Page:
In an era when security is the hottest high-tech buzzword, Apple was smart to make security a focal point for Leopard. Mac OS X was already virus-free and better protected from Internet attacks than Windows. But Mac OS X 10.5 is the most impenetrable Mac system yet, filled with new defenses against the dark arts.
You'll spot big and small security enhancements all over Leopard and the programs that accompany it. This chapter covers the whole range of them.
On the premise that the biggest security threat of all comes from other people in your home or office, though, the most important security feature in Mac OS X is the accounts system.
The concept of user accounts is central to Mac OS X's security approach. Like the Unix under its skin (and also like Windows XP and Vista), Mac OS X is designed from the ground up to be a multiple-user operating system. You can configure a Mac OS X machine so that everyone must log in—that is, you have to click or type your name and type in a password—when the computer turns on (Figure 12-1).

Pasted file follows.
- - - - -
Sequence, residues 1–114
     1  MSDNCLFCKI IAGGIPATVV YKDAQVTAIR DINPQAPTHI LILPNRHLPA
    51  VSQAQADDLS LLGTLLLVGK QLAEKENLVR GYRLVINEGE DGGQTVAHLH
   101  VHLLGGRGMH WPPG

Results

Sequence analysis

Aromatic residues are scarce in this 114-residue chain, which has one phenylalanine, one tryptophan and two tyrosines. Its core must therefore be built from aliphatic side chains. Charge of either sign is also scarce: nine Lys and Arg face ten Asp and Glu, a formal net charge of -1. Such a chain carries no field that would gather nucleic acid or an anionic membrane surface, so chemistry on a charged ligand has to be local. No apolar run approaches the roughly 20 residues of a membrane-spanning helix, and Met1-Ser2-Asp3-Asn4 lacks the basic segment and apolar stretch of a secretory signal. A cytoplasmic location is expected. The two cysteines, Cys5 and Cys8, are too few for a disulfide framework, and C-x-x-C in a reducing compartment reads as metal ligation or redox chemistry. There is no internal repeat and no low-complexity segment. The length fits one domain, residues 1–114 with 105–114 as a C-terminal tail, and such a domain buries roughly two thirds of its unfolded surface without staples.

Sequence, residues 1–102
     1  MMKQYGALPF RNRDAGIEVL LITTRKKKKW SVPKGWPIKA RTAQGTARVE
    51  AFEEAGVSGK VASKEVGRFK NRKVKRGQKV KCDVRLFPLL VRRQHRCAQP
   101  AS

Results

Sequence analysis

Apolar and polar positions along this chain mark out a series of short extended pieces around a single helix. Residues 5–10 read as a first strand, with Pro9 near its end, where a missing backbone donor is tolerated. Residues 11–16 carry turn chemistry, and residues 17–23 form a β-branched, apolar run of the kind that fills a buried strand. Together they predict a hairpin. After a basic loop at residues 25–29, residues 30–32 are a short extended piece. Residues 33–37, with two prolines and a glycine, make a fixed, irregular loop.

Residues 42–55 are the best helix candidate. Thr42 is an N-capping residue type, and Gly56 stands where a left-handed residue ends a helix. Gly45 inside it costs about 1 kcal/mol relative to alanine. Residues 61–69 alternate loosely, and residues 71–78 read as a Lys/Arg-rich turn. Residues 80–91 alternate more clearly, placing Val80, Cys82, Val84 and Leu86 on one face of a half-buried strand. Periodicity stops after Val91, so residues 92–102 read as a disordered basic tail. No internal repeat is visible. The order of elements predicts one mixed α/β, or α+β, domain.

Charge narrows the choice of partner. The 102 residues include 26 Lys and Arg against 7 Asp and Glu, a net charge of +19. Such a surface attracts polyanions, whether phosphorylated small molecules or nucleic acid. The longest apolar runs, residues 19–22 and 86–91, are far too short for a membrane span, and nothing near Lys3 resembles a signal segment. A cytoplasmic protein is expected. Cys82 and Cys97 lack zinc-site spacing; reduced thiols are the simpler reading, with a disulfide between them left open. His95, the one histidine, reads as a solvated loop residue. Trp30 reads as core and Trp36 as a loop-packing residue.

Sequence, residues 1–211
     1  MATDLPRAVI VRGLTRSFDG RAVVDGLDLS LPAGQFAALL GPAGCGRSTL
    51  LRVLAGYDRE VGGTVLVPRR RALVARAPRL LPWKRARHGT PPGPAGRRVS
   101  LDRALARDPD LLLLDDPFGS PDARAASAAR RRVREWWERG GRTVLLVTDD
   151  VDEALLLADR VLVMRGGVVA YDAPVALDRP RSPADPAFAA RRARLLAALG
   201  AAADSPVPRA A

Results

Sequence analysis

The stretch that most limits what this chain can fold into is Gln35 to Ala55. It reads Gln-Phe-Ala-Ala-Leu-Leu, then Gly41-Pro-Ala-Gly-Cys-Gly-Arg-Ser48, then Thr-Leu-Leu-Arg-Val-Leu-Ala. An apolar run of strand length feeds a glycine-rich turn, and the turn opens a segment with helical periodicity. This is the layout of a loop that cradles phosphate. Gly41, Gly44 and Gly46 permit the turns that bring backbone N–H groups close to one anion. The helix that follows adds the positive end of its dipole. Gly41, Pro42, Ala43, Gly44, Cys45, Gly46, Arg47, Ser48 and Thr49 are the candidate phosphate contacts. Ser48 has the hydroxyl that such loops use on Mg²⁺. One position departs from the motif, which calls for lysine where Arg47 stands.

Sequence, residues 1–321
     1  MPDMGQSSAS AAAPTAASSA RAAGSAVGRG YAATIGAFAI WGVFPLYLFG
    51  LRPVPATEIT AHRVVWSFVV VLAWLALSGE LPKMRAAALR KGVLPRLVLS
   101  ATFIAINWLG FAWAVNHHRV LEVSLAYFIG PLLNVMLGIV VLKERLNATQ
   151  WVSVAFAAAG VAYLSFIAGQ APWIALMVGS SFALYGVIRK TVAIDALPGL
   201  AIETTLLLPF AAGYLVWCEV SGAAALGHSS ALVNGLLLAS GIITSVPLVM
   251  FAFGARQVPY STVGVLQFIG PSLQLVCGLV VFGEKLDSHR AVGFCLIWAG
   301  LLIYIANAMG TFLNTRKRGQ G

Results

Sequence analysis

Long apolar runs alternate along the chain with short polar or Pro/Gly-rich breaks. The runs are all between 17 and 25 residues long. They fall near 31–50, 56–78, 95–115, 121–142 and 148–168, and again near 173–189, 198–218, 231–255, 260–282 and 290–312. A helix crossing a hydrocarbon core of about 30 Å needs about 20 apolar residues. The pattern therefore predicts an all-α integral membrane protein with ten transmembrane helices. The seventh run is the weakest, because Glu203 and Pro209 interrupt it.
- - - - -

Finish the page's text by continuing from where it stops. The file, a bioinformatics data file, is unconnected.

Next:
Upon doing so, you discover the Macintosh universe just as you left it, including these elements:
Your documents, files, and folders.
Your preference settings in every program you use:Web browser bookmarks and preferred home page; desktop picture, screen saver, and language; icons on the desktop and in the Dock—and the size and position of the Dock itself; and so on.
Email account(s), including ...